Almost every church wants to tell others about Jesus. Some churches adopt evangelistic vision statements or implement evangelism programs. Many, though, are not intentionally, actively engaged in evangelism.
While Mobberly and OCBF are larger churches, that does dampen their evangelistic focus, thanks in large part to their pastors, Dr. Glynn Stone (MBC) and Dr. Tony Evans (OCBF). Each of these men has a passion for sharing the gospel and showing Jesus’ love to their communities.
In this article I want to highlight these two churches and briefly explain what they are doing. This will, hopefully, inspire you and your church to find new, creative ways to become more evangelistic.
Mobberly Baptist Church: Engage 10K
I served as bassist at Mobberly from 2014 till 2018. It was during that time that Pastor Glynn introduced a new outreach strategy called “Engage 10K.”
The name is well thought out. “Engage” means intentionally interacting with someone on a personal basis; “10K” refers to 10,000 households. As Mobberly puts it, “By 2020, Mobberly Baptist Church will engage 10,000 East Texas households with the life-changing gospel of Jesus Christ.”
This strategy was designed to meet three needs: help every member become more evangelistic in their daily life, help the church reach their community, and help the raise funds to expand their campus to meet their growth (in some areas they were exceeding capacity).
Engage 10K builds on Acts 1:8, and looks at East Texas as Mobberly’s “Jerusalem.” As part of the campaign, they launched a website, a mobile app, and instituted evangelism training to help every member begin sharing the gospel with their neighbors.
While Mobberly is remains active in other ministries, Engage 10K is everywhere. Why? Because Engage 10K reminds the members that what they do is about sharing and living the gospel of Jesus in every aspect of life and ministry.
In 2018 my wife and I moved our membership to Oak Cliff Bible Fellowship, where I encountered another gospel-focused church.
Oak Cliff Bible Fellowship: Kingdom Agenda
We joined OCBF this year after I was hired as their new web administrator. Since arriving I’ve learned more about Pastor Evans’ vision: Kingdom agenda.
Like with Mobberly’s strategy, “Kingdom agenda” is an ingenious name. “Kingdom” refers to God’s rule and influence in all aspects of life; “agenda” indicates an intentional plan to accomplish a goal. OCBF describes the Kingdom agenda is this way: “The Kingdom Agenda is defined as the visible demonstration of the comprehensive rule of God over every area of life. This rule is reflected through the four divinely ordained spheres of the individual, the family, the church, and the government.”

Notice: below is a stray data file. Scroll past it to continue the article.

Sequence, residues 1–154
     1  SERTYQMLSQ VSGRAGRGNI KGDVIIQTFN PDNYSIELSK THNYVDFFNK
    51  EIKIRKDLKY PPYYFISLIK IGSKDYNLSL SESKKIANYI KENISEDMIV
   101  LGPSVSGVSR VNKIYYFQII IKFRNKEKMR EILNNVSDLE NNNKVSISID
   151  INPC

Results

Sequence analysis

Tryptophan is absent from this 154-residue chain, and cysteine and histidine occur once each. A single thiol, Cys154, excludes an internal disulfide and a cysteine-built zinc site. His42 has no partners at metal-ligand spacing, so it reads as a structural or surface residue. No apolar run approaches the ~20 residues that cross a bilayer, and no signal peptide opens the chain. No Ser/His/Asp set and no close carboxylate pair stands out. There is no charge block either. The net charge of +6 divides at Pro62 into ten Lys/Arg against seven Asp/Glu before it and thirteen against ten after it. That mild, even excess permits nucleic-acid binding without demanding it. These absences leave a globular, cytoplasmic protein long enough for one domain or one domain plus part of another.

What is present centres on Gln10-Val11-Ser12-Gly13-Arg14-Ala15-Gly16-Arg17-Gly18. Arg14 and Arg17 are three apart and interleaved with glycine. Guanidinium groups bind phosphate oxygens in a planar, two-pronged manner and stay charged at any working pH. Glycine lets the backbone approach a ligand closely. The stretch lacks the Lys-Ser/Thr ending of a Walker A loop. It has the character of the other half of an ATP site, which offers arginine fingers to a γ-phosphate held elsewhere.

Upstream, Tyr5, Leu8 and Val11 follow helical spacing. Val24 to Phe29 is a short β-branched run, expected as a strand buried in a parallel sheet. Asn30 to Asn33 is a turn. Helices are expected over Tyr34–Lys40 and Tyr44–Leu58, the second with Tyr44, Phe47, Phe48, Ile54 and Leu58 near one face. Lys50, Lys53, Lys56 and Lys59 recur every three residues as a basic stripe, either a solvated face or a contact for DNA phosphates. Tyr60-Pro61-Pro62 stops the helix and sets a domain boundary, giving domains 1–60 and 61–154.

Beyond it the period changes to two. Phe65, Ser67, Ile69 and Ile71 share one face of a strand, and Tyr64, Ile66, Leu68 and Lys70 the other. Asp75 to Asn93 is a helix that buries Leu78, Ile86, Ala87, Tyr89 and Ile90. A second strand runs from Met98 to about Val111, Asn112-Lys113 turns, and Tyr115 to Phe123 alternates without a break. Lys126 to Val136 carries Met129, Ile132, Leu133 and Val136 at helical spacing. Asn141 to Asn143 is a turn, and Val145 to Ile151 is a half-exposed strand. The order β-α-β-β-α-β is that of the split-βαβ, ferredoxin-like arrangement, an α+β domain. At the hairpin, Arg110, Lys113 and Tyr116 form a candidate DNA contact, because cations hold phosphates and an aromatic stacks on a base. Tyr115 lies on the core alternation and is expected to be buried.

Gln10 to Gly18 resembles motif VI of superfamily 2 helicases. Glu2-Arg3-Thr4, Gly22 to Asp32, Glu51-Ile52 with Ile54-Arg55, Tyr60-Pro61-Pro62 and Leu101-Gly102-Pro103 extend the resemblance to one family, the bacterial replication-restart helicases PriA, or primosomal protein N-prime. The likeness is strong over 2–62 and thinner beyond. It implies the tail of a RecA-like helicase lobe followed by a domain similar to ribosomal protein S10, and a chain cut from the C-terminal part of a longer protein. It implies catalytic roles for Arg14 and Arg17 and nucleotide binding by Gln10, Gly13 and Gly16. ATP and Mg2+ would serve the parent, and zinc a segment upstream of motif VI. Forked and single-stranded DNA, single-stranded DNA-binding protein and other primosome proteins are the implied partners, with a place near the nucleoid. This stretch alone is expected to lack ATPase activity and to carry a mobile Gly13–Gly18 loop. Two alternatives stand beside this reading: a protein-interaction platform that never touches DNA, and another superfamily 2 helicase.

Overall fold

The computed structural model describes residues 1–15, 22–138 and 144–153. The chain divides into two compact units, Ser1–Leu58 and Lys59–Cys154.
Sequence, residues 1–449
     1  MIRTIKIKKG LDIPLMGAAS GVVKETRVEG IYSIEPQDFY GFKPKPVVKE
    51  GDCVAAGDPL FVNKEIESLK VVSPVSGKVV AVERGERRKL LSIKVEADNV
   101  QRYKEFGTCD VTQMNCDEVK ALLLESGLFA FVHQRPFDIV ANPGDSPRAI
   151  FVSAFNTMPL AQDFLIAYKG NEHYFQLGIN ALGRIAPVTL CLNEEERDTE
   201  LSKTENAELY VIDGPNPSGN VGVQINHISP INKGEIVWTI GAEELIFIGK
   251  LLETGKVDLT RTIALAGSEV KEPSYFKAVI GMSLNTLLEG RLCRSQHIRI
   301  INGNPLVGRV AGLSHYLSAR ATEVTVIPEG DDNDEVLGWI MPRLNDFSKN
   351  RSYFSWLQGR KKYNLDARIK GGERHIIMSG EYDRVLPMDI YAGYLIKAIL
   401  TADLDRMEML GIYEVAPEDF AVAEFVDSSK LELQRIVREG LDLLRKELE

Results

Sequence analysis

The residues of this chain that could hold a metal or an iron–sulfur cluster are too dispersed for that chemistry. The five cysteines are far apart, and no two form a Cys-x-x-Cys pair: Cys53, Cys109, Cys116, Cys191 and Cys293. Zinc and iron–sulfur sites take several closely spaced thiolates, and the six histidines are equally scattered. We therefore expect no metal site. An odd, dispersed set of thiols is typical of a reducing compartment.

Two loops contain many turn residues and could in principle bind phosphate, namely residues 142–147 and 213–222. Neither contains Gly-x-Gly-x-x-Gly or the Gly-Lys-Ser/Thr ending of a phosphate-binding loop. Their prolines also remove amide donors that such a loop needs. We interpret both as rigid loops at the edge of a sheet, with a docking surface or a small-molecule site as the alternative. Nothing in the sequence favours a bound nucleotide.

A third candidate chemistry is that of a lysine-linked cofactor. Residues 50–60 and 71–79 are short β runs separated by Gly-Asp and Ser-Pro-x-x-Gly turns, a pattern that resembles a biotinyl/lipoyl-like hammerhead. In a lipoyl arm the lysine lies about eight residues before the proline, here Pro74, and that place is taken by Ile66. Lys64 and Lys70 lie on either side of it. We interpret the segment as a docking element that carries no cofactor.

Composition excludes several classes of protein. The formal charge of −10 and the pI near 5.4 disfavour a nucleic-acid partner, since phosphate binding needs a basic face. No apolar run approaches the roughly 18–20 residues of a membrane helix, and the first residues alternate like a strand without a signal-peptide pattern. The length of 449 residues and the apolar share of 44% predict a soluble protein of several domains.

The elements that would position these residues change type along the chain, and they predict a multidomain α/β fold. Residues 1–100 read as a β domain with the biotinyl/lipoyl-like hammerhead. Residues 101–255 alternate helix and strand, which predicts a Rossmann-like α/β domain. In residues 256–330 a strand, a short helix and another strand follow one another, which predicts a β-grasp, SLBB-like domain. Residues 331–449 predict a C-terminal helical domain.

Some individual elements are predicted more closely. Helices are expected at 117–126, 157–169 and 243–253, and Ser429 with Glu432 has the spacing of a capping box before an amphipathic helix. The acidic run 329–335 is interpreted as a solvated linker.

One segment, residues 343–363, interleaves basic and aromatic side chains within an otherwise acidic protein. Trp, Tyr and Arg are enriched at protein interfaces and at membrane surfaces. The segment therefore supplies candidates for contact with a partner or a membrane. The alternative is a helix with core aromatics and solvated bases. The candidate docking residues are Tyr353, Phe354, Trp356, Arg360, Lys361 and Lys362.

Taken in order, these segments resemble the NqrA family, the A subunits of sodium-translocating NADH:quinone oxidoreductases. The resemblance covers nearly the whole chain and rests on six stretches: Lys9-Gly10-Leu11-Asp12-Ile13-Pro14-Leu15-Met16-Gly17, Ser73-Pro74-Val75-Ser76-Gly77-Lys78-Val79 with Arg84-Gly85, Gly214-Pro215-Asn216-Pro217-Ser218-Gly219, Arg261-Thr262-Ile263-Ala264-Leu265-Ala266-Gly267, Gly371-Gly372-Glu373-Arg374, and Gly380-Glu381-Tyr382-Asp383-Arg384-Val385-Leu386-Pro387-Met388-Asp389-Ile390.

The Kingdom agenda philosophy defines everything OCBF does, including outreach; the gospel defines the Kingdom agenda. Whether it’s counseling or community service, the gospel is both lived and shared by OCBF members.
One example of Oak Cliff’s evangelistic focus is “Impact Saturday.” During this activity, members go out into the local area to help meet the physical needs of others. However, the mission isn’t merely neighborhood improvement. OCBF’s purpose is to show others the love and compassion of Jesus and to make the gospel known.
In preparation for Impact Saturday, the church set up multiple prayer boards for those who are not saved. People were invited to write the names of people they believe need to hear the gospel.
Church leaders and members then pray that the Spirit would give members the opportunity and boldness to share the gospel, and that the other person would respond in faith and be saved.
Another example is of a personal nature. I can’t tell you how many times I’ve heard folks here at OCBF ask me or others how they got saved. If the person isn’t saved, or if there’s any doubt, the gospel is shared.
These examples tell me that, like at Mobberly, evangelism is a priority at OCBF.
I’ve been blessed to be part of two churches that make evangelism a priority. It’s not merely one small part of the church’s work; it is the church’s work. Both Mobberly and Oak Cliff realize that Jesus came to seek and save the lost. They both realize that the cross and empty tomb matter, and that the gospel is the most important message this world needs to hear.
Another thing Mobberly and OCBF realize is that evangelism isn’t something done only by professionals or paid staff; evangelism should be done by every believer. Each church is organized to help Jesus’ followers become more engaged with others and to improve their evangelistic outreach. In short, both Mobberly and OCBF are organized to make disciple makers.
It’s my hope that you’ll be inspired by these two examples. Each church is unique, but each shares a common mission: living and sharing the gospel of Jesus Christ.